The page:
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The revelation came in Audit New Zealand's annual reports to the council, obtained by the Otago Daily Times, which highlighted gaps in council processes dating back to 2003.
They showed Audit NZ twice suggested the council consider creating a new audit and risk subcommittee, in 2007 and 2010, prompting the council to insist its processes were sound.
That was despite the council detecting another suspected fraud in 2008, between the two recommendations, the reports showed.
The suspected fraud - which was not made public - involved less than $3000, but resulted in a recently-appointed staff member losing their job, the ODT was told yesterday.
Despite that, the audit and risk subcommittee - designed to improve the management of risks, including fraud, within the council - was not created until last year.
Contacted yesterday, Mr Cull conceded Audit New Zealand's advice should have been followed sooner.
''I think we should have had a risk and audit committee earlier than we did.''
And, asked if it might have helped detect the alleged Citifleet fraud, Mr Cull said: ''Quite possibly, yes''.
''It could very well have helped.''
His comments came after the council on Friday confirmed it had called in police, and notified the Serious Fraud Office, following Deloitte's three-month investigation into the alleged fraud.
The probe revealed the alleged decade-long fraud involved the sale of 152 vehicles and more than $1.5 million in pocketed proceeds.
The findings have triggered finger-pointing between past and present council staff, councillors and Audit NZ, but council chief executive Dr Sue Bidrose said responsibility for failing to detect the alleged fraud rested with the council.
As a result, up to five council staff were involved in ''employment processes'', with some facing the prospect of losing their jobs, the ODT understands.
Local Government New Zealand president Lawrence Yule yesterday told the ODT the ''mind-boggling'' alleged fraud was the biggest involving a local authority he could recall.
There were likely to be lessons from it for councils across New Zealand, ''to make sure this type of thing can't happen again'', he said.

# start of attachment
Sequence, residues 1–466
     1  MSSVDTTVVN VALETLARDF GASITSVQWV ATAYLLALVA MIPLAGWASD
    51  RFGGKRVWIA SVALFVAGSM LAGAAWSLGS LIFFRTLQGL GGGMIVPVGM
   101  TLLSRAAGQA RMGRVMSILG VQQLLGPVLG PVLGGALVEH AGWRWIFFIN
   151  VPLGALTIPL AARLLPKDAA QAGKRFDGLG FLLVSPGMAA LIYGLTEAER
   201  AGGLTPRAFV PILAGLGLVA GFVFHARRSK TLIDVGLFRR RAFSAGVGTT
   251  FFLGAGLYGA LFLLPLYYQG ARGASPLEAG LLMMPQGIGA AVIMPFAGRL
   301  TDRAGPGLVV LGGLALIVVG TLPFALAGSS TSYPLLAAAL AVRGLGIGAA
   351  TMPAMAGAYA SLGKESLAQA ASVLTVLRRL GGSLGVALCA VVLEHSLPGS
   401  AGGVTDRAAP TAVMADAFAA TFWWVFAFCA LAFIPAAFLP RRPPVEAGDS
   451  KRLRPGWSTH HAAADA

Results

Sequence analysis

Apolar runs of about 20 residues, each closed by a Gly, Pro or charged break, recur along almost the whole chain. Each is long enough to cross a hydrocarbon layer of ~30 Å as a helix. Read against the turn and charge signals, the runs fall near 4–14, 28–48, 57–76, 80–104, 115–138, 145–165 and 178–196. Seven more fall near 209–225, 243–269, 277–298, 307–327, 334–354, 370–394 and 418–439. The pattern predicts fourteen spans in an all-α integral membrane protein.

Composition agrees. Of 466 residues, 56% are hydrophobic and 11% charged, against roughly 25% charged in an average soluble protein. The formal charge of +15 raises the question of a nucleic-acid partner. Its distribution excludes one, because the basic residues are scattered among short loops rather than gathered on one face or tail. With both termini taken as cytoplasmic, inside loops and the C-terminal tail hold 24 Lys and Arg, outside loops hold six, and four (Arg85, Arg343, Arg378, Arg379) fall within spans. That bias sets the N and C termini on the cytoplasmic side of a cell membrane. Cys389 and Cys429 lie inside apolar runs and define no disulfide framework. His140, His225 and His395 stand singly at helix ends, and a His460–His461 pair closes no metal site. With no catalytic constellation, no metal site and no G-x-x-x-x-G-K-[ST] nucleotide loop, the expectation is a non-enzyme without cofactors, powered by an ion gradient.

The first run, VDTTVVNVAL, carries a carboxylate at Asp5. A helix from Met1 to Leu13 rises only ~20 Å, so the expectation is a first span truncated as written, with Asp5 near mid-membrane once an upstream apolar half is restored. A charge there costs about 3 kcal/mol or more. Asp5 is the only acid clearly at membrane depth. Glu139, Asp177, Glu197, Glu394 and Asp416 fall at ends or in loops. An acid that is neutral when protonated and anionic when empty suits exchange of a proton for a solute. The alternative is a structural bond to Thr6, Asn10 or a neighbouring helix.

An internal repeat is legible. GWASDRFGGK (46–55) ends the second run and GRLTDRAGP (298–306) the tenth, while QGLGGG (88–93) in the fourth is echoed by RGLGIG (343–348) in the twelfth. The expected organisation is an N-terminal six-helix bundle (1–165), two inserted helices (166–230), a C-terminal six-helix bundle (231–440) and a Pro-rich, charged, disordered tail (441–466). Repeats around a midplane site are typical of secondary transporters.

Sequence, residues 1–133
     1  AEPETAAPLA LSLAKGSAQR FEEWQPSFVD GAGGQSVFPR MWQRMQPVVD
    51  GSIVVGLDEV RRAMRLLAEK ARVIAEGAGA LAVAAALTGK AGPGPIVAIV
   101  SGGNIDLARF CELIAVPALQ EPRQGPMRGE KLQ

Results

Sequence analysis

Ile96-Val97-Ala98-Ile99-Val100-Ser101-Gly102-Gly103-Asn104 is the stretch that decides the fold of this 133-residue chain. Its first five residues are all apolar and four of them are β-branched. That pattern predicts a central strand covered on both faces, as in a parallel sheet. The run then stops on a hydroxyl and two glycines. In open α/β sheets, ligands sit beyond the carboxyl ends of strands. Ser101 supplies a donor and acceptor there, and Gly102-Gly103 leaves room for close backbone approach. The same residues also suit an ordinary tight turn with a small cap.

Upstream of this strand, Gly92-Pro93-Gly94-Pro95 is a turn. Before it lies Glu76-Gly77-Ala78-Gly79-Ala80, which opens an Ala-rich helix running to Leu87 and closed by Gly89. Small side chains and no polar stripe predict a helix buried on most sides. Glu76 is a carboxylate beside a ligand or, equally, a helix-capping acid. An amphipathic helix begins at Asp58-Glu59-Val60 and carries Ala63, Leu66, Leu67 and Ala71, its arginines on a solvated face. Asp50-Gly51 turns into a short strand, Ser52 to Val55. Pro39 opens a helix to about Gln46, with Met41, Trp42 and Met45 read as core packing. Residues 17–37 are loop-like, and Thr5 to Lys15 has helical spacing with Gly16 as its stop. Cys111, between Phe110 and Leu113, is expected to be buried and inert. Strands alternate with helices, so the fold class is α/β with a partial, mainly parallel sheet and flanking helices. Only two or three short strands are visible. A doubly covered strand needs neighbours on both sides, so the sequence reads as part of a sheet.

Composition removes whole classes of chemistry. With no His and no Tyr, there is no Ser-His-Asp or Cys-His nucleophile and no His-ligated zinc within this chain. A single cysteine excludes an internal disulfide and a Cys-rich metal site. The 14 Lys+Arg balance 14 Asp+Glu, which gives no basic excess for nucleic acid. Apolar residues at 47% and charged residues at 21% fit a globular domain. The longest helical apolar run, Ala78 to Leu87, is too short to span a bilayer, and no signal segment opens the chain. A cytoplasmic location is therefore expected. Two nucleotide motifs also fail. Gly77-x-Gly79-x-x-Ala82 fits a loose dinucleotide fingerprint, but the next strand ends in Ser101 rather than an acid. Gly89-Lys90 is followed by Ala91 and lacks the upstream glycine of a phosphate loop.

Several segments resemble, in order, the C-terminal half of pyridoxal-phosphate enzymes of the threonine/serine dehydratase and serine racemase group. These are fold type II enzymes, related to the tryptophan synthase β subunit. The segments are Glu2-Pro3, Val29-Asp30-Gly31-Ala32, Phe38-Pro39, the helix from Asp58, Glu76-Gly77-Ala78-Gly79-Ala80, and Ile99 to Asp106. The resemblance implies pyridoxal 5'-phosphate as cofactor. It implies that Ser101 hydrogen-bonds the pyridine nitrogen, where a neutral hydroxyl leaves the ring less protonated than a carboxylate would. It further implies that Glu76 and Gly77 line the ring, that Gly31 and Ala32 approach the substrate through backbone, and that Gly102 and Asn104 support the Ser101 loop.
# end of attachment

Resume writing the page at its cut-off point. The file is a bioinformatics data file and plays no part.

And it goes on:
''It is pretty mind-boggling to think such a thing could happen over the sort of length of time it did.
''That's pretty concerning to me.''
He was also concerned the DCC had overlooked Audit NZ's recommendations for a new audit and risk subcommittee, which was now considered ''best practice'', he said.
It was not clear the subcommittee would have detected the alleged Citifleet fraud, but ''you would have hoped it may have''.
Asked who was to blame, Mr Yule said Audit NZ ''can't look at everything''.
''The buck stops for this type of thing really with the chief executive and their management,'' he said.
Councillors were also responsible for implementing an audit and risk subcommittee, to ensure ''the chance of this occurring is minimised'', he said.
Former council chief executive Jim Harland could not be contacted yesterday, but he has defended his handling of the council's audit process.
Former council finance and corporate support general manager Athol Stephens also could not be contacted yesterday. He has previously declined to comment.
The Audit NZ annual reports, covering the period from 2003-12, largely confirmed the council's management controls were in order, while noting areas for improvement.
In 2007, recommending the council consider a new audit and risk subcommittee, Audit NZ said it would help identify ''actual or potential problem areas'', as well as those needing to be investigated.
The council responded by saying its then-finance and strategy committee already performed the role, and the council's senior managers were ''more likely to possess the attributes required'' to oversee audit requirements.
Two years later, Audit NZ renewed its suggestion, saying the subcommittee would ''enhance the city council's governance structure and the control environment''.
The council responded by saying the ''general presumption'' audit and risk subcommittees could be useful ''may not stand up to examination''.
The council operated in a ''highly legislative and controlled'' environment, with regular audits, meaning assumptions about the ''role and meaningful purpose of a conventional audit subcommittee are not self-evident''.
Yesterday, Mr Yule said fraud, while not unique to councils, could be difficult to detect, making properly audited processes important.
The alleged Citifleet fraud would damage the reputation of local government and also hurt hard-working council staff.
''Most of our staff are completely honest, very trustworthy, work hard, and they get let down by one or two individuals, which is a shame.''